Hecuba lies on the stage in despair. She slowly gets up and begins to speak. She speaks in commands, but there is no one else on stage; she seems to be talking to herself. She implores herself to get up off the ground and face her unhappy, uncertain future. She wonders if there’s any point in continuing to cry over the death of her husband (Priam) and many sons. Lying on the ground and crying has only brought her more physical and emotional pain. However, she acknowledges that there can be music in the song of “wretchedness.”
Hecuba’s despair acts as a stand-in for the despair of all the remaining Trojan women. Contemporary audiences would recognize her as the former Trojan queen, and so would immediately understand how far her fortunes have fallen.
Hecuba begins to sing. The intended recipient is Helen, although she is not present. According to Hecuba, as Helen crossed the sea from Greece to Troy, she brought with her death and devastation. Hecuba calls Helen a “fatal bride” and accuses her of killing Priam, her late husband and the father of her children.
Hecuba feels no solidarity with Helen. She does not see them as two women brought low together by the military losses of their nations. Instead, Hecuba sees Helen as a self-serving traitor who, through her selfishness, began the Trojan War and destroyed Hecuba’s home and family.
Now, Hecuba is “an old, unhappy woman, like my city ruined and pitiful.” She blames Helen for this, too. She calls upon the other widowed Trojan women to mourn with her, remembering their daughters, now “brides of disaster,” and their broken city.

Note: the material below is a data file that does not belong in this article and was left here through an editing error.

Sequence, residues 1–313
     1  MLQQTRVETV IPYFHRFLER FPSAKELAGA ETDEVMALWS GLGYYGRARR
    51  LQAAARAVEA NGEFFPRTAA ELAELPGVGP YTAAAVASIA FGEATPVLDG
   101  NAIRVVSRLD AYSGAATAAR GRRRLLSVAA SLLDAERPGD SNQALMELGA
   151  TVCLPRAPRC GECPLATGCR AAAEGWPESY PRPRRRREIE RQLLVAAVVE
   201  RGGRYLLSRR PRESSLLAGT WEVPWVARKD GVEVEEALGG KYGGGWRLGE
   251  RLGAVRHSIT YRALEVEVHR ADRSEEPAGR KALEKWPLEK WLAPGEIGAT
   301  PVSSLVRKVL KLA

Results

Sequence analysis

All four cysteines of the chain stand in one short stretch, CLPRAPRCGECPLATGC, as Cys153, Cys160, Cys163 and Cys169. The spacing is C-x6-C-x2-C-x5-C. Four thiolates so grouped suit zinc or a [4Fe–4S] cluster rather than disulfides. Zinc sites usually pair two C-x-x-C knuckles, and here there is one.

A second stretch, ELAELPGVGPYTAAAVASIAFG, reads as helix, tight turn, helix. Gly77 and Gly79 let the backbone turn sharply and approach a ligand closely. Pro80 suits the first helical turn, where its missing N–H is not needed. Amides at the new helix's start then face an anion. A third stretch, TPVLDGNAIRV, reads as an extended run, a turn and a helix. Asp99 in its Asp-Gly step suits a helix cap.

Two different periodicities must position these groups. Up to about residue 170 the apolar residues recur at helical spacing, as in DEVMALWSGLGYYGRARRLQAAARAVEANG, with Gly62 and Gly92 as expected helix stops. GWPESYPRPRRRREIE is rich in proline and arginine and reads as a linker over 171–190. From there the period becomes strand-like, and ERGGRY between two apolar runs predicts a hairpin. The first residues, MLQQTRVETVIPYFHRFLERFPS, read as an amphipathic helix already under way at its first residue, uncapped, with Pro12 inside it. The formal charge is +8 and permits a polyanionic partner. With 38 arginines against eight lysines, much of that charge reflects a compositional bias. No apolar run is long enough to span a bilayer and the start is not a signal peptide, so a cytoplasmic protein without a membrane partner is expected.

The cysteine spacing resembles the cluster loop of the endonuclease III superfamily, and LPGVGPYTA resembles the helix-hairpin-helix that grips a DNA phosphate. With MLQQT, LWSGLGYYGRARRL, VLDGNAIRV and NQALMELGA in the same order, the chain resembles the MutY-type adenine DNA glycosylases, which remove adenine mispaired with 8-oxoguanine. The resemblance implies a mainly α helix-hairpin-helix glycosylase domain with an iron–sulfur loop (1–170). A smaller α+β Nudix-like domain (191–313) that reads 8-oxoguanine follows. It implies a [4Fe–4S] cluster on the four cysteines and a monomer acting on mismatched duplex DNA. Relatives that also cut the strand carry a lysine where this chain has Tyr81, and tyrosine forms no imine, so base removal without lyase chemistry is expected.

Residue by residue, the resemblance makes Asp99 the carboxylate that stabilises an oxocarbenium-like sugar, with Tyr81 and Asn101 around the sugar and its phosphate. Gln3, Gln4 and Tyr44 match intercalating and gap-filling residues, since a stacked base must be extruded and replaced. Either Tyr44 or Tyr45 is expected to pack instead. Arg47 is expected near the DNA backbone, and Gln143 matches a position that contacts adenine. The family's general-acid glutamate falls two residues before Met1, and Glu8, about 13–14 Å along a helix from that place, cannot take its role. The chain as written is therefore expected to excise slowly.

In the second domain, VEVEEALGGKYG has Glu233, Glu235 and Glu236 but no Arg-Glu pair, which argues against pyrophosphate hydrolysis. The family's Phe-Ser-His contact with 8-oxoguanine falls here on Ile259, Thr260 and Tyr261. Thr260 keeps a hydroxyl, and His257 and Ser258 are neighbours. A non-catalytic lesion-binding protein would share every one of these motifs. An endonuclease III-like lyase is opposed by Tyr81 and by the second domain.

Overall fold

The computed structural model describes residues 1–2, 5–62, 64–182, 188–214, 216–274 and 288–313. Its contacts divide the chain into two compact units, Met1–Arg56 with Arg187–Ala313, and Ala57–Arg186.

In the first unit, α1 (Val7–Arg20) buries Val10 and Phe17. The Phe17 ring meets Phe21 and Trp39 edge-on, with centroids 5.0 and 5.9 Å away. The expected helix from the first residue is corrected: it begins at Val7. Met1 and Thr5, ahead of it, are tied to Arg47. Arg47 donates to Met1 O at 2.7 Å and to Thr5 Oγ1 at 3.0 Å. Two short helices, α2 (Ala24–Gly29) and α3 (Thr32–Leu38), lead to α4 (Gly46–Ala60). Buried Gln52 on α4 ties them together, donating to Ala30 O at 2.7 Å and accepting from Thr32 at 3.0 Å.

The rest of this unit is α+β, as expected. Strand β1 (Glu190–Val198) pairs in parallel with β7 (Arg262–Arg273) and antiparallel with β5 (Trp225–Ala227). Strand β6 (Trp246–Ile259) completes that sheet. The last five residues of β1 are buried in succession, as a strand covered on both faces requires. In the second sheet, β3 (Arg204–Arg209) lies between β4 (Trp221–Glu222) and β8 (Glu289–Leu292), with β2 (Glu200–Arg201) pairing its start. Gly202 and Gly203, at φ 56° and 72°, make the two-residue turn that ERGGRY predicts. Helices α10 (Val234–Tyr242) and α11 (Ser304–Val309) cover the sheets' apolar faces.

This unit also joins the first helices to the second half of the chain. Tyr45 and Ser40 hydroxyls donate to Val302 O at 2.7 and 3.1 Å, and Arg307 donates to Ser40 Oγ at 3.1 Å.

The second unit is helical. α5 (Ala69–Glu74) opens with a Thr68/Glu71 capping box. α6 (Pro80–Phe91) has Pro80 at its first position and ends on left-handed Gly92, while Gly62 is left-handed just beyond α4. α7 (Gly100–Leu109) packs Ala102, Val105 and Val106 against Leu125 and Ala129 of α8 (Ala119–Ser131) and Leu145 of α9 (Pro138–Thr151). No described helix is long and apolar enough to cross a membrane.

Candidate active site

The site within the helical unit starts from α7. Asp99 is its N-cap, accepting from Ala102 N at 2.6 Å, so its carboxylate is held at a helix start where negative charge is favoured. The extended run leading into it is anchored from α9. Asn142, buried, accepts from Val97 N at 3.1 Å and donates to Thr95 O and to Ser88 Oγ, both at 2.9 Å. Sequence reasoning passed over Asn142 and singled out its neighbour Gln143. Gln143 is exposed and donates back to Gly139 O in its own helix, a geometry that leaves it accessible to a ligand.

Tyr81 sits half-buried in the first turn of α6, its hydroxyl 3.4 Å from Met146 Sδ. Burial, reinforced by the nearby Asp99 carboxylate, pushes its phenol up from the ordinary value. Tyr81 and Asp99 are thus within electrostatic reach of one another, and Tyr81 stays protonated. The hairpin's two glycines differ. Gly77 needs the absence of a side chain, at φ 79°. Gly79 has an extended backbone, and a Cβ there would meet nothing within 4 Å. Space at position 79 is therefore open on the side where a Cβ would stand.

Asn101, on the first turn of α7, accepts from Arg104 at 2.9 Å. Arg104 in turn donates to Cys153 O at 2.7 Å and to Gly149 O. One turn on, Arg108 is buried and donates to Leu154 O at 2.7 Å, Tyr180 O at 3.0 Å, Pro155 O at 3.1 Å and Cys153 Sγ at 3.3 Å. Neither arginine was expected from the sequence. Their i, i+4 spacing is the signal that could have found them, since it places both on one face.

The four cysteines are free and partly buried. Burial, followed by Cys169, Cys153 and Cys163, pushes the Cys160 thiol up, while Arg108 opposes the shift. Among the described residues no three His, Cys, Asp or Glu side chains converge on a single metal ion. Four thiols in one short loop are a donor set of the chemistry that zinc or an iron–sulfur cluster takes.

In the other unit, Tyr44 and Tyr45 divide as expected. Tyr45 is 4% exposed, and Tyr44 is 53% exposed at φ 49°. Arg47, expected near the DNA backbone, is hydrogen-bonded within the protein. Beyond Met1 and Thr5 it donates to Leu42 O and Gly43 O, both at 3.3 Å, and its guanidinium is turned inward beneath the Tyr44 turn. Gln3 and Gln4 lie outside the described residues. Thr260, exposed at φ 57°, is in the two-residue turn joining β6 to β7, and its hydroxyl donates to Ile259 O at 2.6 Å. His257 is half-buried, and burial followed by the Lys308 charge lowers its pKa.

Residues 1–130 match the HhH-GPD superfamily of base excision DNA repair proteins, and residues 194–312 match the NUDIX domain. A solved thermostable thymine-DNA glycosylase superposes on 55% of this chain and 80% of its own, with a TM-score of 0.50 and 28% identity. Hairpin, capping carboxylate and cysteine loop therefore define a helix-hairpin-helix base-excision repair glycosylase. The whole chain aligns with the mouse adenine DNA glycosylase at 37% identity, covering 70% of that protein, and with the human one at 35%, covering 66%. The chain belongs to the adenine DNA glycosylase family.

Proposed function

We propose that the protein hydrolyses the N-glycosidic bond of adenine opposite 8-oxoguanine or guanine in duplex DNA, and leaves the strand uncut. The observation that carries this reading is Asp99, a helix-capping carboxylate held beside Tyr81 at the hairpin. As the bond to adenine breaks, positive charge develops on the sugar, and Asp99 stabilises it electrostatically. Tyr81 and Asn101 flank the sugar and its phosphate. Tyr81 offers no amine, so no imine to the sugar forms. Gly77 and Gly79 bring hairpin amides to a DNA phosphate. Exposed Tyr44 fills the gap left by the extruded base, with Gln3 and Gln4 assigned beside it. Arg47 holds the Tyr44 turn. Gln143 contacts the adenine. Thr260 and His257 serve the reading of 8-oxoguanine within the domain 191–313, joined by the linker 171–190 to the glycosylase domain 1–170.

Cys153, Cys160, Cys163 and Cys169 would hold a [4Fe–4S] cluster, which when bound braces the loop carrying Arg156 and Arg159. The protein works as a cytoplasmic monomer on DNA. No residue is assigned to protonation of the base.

Hecuba sees the destruction of her city and the destruction of the bodies of the Trojan women as related. The destruction of each guarantees the end to Trojan lineages, and to Trojan society in general.
Hecuba sees herself as a mother hen, leading her chicks (the other women of Troy) in a song of mourning. She compares this to how she led celebratory songs back when Priam was alive, when she was the Queen of Troy overseeing celebrations in her court.
Hecuba’s low fortunes seem especially bleak when she contrasts her duties before and after the Fall of Troy. Now she remains a dutiful leader to the women of Troy, but she can only lead them in misery.
Half of the Chorus enters the stage from the tent. They begin to sing with Hecuba, and the song becomes a call and response. The chorus asks Hecuba why she is crying. They say they could hear her through the tent, and were filled with fear, concerned that she was announcing some new degradation. Hecuba announces that the Greeks will set sail today, and take the women of Troy with them.
Once royalty or nobility, the women of Troy have been reduced to mere property. Still, as low as their fortunes are, they fear their lives could get even worse—after the dramatic upheaval of their initial enslavement, any future indignity seems possible.
Hecuba hopes that Cassandra will not come to see her in this moment. Seeing her daughter, who has been “driven delirious”, would only cause Hecuba more pain. Hecuba then addresses Troy itself, and announces “your last sad people leave you now,” “living and broken.”
Hecuba does her best to remain dignified even in the face of misery and disaster. Still, she is a mother, and knows that seeing her daughter in pain would make it difficult for her to keep up her strong outward appearances.
The second half of the Chorus enters from the tent. They begin to sing with Hecuba as well. Hecuba, an old woman, wonders what will happen to her. She was once a princess, but she imagines she’ll be reduced to a nurse or even a guard in her new home.
The Trojan women are being claimed by Greek warriors as wives and as sex slaves. Hecuba wonders what her place in her new life will be, now that she is too old to bear children, and too old to be a kind of beautiful trophy.